“Documentary research previously done by John G. Waite Associates has found several references to wooden pillars in this room and [the Lower] West Oval [Room], and a desire to replace them with cast iron pillars,” Thompson said. “We have done small probes around both and the archaeological evidence suggests they are probably original features to the Rotunda. Early renovations have reduced both piers, so that what survives would have been below floor level.”

Board of Visitors minutes from 1830 and again in 1843 identify them as being made of wood and raise the possibility of replacing them with ones of iron. 

“It is unclear whether they were replaced, though John G. Waite Associates suggest that an 1846 payment for $71.15 for ‘cast iron columns’ may have been for such a replacement,” Thompson said.

While there had been documentary evidence of the columns, finding the piers when the floor was excavated was the first physical proof of them.

“There is a historic letter that indicates there were columns on the lower level, but we were unsure if the footings were still there under the concrete,” Thompson said. “Now we have physical evidence that there were columns in these rooms; we know where they were, and we have a sense of their size. It is particularly interesting to think of how classes might have been arranged in an oval space with a pair of columns in the middle of the room.”

Fire Debris Found in Wall Cavity

The 1895 fire was thought to have left no traces of the building’s iconic dome, but University masons working on the renovation discovered pieces of that structure preserved within the walls.


The original dome structure was wooded and likely would have been destroyed in the fire. Its roofing was made from tin-coated iron shingles.

Kutney was part of the team that opened cavities in the walls of the lower oval rooms, seeking evidence of original design features. They found debris from the 1895 fire and the Rotunda’s subsequent reconstruction, giving further insights into the original building’s construction and maintenance.

“We found a lot of glass, window glass, melted and broken into pieces, and we found pieces of sheet tin that appear to be material from the roof,” Kutney said.

The shingle pieces Kutney found in the wall cavities were joined together with folded-over edges, a technique designed by Jefferson and used on several roofs within the Academical Village. The original dome would have been shiny at first before weathering to a dull gray and eventually a chalky white. Some of the surviving shingles had red paint on them, indicating that at some point the dome was painted red.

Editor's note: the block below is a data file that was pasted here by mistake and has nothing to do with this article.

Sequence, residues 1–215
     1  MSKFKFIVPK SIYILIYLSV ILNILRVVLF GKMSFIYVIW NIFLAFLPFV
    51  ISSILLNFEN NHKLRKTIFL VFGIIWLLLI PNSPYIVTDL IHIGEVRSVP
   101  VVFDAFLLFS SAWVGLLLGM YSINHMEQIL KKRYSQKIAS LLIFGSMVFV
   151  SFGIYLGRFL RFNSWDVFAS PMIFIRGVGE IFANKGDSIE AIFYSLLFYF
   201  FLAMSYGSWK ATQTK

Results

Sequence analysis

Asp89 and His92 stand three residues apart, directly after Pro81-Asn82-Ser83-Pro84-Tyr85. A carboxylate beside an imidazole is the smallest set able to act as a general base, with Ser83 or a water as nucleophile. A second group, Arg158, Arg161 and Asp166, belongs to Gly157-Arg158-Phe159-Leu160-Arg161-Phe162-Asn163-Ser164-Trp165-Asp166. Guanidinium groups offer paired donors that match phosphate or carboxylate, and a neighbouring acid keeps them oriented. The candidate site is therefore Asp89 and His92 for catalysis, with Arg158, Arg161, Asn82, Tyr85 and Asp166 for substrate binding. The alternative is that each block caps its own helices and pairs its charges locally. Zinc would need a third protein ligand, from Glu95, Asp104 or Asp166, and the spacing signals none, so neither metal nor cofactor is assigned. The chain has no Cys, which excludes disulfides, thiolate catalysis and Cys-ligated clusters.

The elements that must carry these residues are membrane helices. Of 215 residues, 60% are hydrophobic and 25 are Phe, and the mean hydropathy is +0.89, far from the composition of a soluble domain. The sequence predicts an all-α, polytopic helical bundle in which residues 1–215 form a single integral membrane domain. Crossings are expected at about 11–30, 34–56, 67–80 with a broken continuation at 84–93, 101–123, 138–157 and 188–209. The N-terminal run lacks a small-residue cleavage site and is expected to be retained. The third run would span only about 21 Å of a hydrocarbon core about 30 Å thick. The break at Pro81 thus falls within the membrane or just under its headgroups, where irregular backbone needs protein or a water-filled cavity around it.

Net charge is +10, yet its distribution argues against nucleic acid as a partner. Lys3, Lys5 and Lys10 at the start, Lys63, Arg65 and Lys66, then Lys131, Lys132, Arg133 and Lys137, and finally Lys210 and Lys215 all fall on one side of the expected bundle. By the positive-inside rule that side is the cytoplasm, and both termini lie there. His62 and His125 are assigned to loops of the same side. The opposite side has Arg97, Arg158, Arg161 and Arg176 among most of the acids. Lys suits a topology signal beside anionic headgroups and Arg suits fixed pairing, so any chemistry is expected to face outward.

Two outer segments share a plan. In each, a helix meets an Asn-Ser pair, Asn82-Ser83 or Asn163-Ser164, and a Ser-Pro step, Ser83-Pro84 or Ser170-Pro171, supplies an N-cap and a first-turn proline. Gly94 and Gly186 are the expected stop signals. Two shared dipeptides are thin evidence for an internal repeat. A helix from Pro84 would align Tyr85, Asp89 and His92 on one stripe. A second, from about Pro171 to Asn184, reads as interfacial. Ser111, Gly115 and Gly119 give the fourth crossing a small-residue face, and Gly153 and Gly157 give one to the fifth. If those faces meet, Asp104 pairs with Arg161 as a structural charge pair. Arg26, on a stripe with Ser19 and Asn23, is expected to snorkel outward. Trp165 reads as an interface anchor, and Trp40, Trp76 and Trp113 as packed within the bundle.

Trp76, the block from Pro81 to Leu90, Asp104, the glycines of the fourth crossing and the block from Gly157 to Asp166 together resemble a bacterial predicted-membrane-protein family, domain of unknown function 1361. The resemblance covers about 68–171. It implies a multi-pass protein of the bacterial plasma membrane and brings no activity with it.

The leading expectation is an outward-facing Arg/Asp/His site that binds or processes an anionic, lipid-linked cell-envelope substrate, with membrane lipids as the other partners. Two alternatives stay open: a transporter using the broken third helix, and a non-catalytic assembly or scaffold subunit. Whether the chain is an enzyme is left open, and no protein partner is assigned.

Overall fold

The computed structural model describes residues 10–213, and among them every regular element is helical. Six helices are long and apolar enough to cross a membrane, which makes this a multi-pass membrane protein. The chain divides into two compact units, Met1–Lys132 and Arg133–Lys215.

“They may have added some solder (a soft metal alloy with a low melting point) around the nail holes and they also used white lead as a caulk on the nail holes and the joints on the more shallow pitches,” Kutney said of the original dome.

As the caulk – a combination of white lead, whiting and linseed oil – dried, it became brittle and would have broken apart, Kutney said. Once the roof started to leak, Kutney believes the dome may have been painted in an effort to halt its corrosion.

“The dome would have been problematic in its shape,” Kutney said. “The wind and the rain would have pushed water up and under the shingles.”

Kutney thinks the hue on the shingles is what was referred to as “Spanish brown,” a combination of iron oxide and linseed oil. That red paint on early tin was found in other locations, such as Hotel A, and the original gutters on the student room roofs, he said.

Photographs of the Rotunda from the 1880s show a darker dome. In black-and-white photographs, red would appear to be a darker shade.

Some of the newly discovered shingle pieces appear to have been painted on both sides. Matt Scheidt, a historic architect with John G. Waite Associates of Albany, New York, which has performed historic assessments of the Rotunda and the Academical Village, suggested the dome may have been re-shingled at some point, with the second layer already painted on both sides as a protective coating.

“These shingles are ones that were on the dome right before the fire,” Scheidt suggested. “If they put a new roof on, they would likely have put over the existing one, so it is possible that some of the original roof survived.”

Workers also found what appears to be a timber bracket – a 52-inch piece of wrought iron that fit perpendicularly into a set of four 32-inch-long legs that would have anchored it into a brick wall. The long piece of iron, hand-cut with beveled, has square holes punched into it at 13-inch intervals. Kutney said there was still some plaster attached to one of the legs. The bar would have been anchored in the wall and then bolted, probably lengthwise, to a joist to give the joist or beam support and to tie together the floor framing and masonry wall.

Scheidt speculated the piece may have supported the ceiling joists in one of the upper oval rooms. He thought the joists would have needed additional support because they held up the columns in the dome room.

Also in the fire debris were several hand-wrought carriage bolts and numerous bolt heads, which Kutney said could have been part of the framing of the dome. There were also a variety of machine-cut nails.

The fire debris in the cavity included pieces of brick, mortar, shards of glass, plaster, pieces of iron, tin, chunks of charcoal and ash. Workers removed a few buckets of material, but left the rest undisturbed and resealed the wall, Kutney said.

“We want to leave something for the next generation,” he said.

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University News Associate Office of University Communications